In developing mission-critical, real-time applications, the authors have found historical testing methods to be inadequate for personal computers (PC's). A major problem is the myth of "PC compatibility"; i.e. the notion that all PC's are interchangeable and function independently of the software. The authors propose that the interactions between PC hardware and software are extensive and complex, and require that system specification and testing be modified to include integrated hardware/software testing.


One of the primary reasons for the widespread use of the personal computer in commercial applications has been the openness of the system, allowing many competing vendors to develop hardware and software components. This competition has produced surprisingly rapid advances in computer technology and in system capabilities. However, the main goal of application developers continues to be producing applications that are usable, reliable and cost-effective, both to develop and to support. The historical approach to application development has included independently specifying and testing the hardware and software components of the system. This has proven to be inadequate for mission-critical PC applications, due in large part to the fact that modern PC's are high-performance machines containing an array of specialized components. The open architecture of the PC, compared to the previous closed (proprietary) designs, creates the situation where each of these hardware and software components can come from multiple, independent sources, resulting in a neverending stream of possible combinations. The differences between PC's and the complex interactions between the software and various hardware components requires that specification and test procedures be modified to include rigorous testing of all hardware/software combinations. In addition, due to the continuing evolution and changes in PC hardware and in software development tools, these test procedures must continue in some form throughout the product's life cycle. This paper describes the authors' experience in developing and distributing PC-based applications, emphasizing practical solutions and anticipated future improvements.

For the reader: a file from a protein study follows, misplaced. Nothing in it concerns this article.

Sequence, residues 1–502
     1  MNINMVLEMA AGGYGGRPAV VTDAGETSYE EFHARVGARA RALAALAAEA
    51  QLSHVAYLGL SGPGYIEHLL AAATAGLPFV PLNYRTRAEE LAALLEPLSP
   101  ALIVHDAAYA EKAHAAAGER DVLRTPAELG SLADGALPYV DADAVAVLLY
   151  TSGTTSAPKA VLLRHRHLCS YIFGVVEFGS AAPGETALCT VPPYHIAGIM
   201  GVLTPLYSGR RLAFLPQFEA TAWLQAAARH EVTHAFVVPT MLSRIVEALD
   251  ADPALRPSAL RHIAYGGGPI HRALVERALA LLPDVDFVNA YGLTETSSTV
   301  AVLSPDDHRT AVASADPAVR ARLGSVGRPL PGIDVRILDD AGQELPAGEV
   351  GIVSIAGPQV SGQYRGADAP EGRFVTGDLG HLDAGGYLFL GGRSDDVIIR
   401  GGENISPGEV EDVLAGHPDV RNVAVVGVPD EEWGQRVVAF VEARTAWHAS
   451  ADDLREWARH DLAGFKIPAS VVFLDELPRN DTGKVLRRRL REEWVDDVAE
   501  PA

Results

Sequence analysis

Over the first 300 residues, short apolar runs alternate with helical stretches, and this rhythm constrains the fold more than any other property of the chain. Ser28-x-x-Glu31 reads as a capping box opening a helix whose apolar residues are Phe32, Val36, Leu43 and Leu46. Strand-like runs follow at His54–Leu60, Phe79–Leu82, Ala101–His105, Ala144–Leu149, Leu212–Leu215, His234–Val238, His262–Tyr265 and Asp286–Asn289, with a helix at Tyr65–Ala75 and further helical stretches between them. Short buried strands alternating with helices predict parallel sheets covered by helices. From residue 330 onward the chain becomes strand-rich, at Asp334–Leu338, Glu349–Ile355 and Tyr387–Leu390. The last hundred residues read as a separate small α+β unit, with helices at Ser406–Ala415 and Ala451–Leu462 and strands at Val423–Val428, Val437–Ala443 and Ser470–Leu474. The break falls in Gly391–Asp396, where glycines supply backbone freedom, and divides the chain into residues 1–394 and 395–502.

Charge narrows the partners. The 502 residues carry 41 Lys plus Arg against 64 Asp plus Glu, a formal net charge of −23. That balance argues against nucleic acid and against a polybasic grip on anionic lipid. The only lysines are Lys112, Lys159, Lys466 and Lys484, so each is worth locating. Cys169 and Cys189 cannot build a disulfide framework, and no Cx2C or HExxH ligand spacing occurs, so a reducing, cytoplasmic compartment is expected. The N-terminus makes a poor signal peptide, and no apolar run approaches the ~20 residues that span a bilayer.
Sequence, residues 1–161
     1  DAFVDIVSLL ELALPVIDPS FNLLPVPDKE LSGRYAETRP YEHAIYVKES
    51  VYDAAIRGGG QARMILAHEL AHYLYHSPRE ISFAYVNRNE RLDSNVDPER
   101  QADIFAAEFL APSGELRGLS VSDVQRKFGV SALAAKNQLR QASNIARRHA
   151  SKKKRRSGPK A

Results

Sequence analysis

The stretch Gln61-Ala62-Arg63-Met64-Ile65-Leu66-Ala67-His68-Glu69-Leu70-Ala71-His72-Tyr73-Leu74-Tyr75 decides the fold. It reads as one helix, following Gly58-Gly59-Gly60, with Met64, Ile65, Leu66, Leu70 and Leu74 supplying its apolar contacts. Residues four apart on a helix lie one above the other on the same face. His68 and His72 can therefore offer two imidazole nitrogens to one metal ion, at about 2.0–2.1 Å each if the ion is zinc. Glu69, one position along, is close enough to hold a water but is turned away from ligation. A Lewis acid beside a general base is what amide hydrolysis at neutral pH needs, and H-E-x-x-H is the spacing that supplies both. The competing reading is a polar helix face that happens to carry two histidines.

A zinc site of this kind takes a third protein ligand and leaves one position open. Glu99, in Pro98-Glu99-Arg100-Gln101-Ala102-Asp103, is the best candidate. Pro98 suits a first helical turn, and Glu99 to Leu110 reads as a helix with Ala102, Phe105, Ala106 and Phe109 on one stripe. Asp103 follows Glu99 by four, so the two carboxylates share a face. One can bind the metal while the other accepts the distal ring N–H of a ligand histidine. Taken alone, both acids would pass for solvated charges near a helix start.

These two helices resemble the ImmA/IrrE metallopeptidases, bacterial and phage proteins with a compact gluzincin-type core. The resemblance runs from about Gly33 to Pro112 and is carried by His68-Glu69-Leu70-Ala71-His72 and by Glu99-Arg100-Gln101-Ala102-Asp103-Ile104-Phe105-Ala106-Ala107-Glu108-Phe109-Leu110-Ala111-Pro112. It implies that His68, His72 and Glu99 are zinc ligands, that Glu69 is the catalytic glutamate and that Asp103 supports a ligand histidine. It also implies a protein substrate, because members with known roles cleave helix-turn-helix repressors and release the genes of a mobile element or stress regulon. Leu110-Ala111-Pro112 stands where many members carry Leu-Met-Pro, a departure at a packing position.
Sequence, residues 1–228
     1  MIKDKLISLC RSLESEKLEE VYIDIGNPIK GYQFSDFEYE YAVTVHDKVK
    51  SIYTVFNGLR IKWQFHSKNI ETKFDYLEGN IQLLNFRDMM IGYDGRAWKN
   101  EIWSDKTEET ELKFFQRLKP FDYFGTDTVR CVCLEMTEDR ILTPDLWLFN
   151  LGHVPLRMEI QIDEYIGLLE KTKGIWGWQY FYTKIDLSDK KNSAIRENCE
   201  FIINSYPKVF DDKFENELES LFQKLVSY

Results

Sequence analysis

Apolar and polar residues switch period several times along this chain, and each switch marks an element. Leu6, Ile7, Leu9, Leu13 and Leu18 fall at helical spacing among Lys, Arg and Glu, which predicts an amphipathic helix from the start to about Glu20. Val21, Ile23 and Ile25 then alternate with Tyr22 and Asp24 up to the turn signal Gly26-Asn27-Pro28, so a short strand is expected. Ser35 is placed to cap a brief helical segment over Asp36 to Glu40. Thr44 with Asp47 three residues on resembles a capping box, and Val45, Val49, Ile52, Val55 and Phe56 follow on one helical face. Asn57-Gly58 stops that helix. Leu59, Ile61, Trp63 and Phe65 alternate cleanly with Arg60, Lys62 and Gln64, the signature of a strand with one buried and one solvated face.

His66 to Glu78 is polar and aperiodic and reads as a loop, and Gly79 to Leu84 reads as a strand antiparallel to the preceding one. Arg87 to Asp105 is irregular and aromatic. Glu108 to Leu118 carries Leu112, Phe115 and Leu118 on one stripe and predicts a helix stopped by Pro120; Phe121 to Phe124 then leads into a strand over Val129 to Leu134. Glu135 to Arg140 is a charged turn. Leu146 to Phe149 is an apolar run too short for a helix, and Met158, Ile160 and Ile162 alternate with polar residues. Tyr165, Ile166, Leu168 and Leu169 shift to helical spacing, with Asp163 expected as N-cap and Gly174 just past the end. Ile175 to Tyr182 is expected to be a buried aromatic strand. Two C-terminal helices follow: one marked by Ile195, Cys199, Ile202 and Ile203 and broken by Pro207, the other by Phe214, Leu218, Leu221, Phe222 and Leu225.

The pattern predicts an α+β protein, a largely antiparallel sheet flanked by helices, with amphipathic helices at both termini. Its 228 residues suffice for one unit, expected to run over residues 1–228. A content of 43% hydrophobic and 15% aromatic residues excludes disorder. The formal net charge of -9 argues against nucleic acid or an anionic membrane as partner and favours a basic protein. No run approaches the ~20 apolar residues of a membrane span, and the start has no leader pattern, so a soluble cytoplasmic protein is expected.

Impact of the Compatibility Problem

The industry relies on personal computers to provide data acquisition, increases in personal productivity, and assistance with data analysis. We are increasingly dependent on these devices and their associated software. We have all been faced with mixed emotions when upgrading our personal computers to either new operating systems, new hardware or both. We welcome the prospects of an analysis taking 20 to 50% less time and in some cases doing things not possible at all a few years ago without massive investments in workstations, mainframes and specialized training. However, will our old applications still function in a predictable manner? Will we spend weeks on the phone in non productive time in an attempt to contact a living and knowledgeable technical support staff member or be relegated to a combination of voice and fax back hell? If the personal computer industry can build a device that operates 2500 percent faster than the original IBM PC, why can't all my applications still work? Sadly, the true answer is that computers do provide the desired benefits only after a start up learning curve. The game, therefore, becomes an effort to reduce this learning curve to a minimum, searching for the quickest answer to the question "The hardware has changed again; does everything still work?".

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